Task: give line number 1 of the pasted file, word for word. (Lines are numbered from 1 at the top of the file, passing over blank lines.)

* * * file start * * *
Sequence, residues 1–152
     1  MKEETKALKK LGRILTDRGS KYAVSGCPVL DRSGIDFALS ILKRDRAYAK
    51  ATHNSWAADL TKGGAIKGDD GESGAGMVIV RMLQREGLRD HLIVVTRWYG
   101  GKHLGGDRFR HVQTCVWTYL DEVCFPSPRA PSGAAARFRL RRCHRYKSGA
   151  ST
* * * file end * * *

Sequence, residues 1–152